With large user base around the world, Windows offers whole new user experience than Linux. Both the operating systems work on different platforms and offer different set of features and functionalities. Windows has offered a lot of features to improve user experience and at the same time, Linux is bound to elevate its stature from that open-source operating system. In this article, we have discussed 7 key difference between Windows and Linux to help you understand both the operating systems. Further, it will help you to make your mind to switch on either of two.

Operating System Differences: Windows is graphical interface OS that is developed and marketed by Microsoft. Windows do not allow access to its source code of the program to the user. It sells its products on the license basis. On the other hand, Linux is Unix-like and POSIX-complaint OS that works on open source code. It allows users to tweak the source code as per their needs. It provides full access to each Linux kernel to the user to tweak, modify, republish or even sell the operating system.

Apart from source code access, Windows sells its products on license basis where users can access its products on one license one product basis. You cannot use same license for different machines. In Linux GPL-licensed OS, it allows users to install a single copy of the Linux application on multiple machines. Users can download the Linux application from its open source platform.

No Registry: Windows stores a master database of all the settings including configuration options on your system in the form of Windows registry. It usually stores information like user passwords, app information, device information and much more. In fact, it stores seemingly everything possible on your system in registry. Over time Windows Registry becomes a huge bundle of information occupying lot of valuable disk space. Further to clean registry on your Windows system you need to do over time.

In Linux, you can’t find Registry. It doesn’t create a centralized database for all your system settings. It simply stores information related to different settings on a program-by-program basis. It creates a hierarchy of users to store information. Thus, you can consider Linux configuration modular in certain form.

Software Repositories & Package Manager: To download any program on Windows, you need to visit some website or install it through portable drive. Further to uninstall it, you may need to fiddle around Control Panel. In Linux, it offers separate software repositories (contain software packages) for each Linux distribution & version. For example, if you are on Ubuntu 12.04 then you need to download programs from dedicated software repository for Ubuntu 12.04. In fact, you can download different software programs from Package Manager using its configured software repository. It is like an app store on your mobile device.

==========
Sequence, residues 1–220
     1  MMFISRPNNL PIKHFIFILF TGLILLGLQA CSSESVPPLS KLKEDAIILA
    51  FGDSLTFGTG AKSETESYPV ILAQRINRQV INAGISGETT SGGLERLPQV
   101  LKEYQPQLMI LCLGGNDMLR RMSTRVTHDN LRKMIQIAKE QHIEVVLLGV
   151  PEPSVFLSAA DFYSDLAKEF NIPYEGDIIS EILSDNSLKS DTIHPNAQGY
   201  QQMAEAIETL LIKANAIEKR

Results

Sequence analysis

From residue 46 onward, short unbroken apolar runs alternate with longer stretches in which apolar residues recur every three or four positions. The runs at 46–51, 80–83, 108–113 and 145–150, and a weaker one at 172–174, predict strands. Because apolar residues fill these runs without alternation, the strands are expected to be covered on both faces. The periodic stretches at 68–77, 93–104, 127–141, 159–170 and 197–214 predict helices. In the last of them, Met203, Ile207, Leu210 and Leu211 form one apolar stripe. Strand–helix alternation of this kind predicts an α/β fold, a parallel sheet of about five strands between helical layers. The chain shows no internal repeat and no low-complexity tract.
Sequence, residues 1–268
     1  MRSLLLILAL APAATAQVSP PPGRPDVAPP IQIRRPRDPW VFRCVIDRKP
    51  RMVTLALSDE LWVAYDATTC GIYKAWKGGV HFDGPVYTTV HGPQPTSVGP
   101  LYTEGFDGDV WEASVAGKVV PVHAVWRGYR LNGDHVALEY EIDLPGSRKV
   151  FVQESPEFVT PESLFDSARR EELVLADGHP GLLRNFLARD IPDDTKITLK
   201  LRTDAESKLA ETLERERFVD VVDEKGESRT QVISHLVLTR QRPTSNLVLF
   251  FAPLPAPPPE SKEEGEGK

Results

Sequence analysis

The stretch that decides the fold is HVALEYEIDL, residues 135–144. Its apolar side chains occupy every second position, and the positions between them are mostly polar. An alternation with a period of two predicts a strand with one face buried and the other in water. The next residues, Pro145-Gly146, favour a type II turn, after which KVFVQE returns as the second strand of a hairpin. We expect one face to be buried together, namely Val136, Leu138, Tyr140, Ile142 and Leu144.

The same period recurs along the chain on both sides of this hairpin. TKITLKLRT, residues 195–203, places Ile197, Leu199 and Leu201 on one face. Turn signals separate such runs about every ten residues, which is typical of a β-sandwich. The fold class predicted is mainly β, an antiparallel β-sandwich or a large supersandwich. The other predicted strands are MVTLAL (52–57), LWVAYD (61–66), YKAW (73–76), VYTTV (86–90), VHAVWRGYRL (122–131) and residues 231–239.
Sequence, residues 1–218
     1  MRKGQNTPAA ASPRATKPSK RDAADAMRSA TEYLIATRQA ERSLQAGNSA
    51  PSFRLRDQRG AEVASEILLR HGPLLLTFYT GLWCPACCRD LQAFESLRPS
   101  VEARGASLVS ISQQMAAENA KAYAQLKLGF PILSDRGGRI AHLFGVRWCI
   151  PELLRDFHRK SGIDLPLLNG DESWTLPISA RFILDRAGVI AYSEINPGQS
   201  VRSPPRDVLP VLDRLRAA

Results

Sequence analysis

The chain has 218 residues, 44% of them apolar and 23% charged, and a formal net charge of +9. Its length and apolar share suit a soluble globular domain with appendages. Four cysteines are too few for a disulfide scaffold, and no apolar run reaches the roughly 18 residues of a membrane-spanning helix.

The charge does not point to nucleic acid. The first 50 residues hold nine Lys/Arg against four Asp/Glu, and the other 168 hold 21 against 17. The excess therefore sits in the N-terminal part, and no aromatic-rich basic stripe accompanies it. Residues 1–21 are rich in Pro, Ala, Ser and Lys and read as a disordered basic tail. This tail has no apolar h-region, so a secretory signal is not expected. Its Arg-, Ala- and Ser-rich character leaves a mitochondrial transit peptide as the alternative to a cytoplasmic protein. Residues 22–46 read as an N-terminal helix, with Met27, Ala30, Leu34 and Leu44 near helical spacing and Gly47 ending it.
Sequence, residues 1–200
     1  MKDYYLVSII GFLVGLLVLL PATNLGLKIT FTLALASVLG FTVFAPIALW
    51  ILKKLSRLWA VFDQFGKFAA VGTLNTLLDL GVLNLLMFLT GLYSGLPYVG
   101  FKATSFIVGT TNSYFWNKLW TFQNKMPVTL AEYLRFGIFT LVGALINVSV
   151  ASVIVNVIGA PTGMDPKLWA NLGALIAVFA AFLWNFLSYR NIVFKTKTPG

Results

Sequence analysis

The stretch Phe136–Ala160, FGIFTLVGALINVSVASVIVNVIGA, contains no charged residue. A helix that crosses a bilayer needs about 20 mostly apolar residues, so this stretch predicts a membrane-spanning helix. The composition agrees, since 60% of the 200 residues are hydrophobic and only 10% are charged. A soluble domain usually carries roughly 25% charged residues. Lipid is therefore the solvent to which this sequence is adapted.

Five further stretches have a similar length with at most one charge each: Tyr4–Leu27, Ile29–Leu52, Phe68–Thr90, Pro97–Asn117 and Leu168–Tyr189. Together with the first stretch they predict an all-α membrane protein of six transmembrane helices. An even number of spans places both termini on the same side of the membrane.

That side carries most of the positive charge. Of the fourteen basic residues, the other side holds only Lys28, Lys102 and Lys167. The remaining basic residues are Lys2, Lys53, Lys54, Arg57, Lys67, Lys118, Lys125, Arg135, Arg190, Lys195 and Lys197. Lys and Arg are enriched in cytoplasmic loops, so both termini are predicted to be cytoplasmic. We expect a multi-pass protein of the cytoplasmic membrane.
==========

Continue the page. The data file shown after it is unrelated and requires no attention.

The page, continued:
Login Pattern: If you want to run administrative tasks on Windows then you need to log in as system administrator. In Linux, to perform administrative tasks you must have a root access or called superuser. In Linux, you can find separate root account in most Linux distribution. Once you have root access in Linux, you will get access to all commands & files by default.

Mount Points instead of letters: In Windows, file system usually assigns letters unlike Linux where it offers a single root file system with path “/”. You can see file system usage and layout under disk analyzer. Here, inside root file system Linux mounts new drives in folders.

Security level: In Microsoft Windows, it is developed, tested and marketed by single entity which fairly reduces the chances of mass testing by users to find flaws in the product. In Linux, it is open-source product where anyone can download, install and test the source code on different parameters. It is useful to find all exploitable loopholes in Linux quickly.

Mobility: In Windows, you can store files, programs, and settings anywhere on the system. It usually ends up in dispersed data at different locations and makes it tough to transfer or back data. In Linux, you can store all user data (files & settings) in single home directory of your system. It makes it easier to backup or transfers data quickly.

Conclusion: Based on the discussion, we can say that Windows is better equipped when it comes to user-friendliness as it enjoys large user base around the world. On the other hand, if you are one of those DIY users than Linux fits to your needs.

Summary: Windows & Linux offers different experience and user-functionality to users around the world. They cater different user-base altogether. Let’s discuss 7 key differences between Windows & Linux to help you switch on either of two.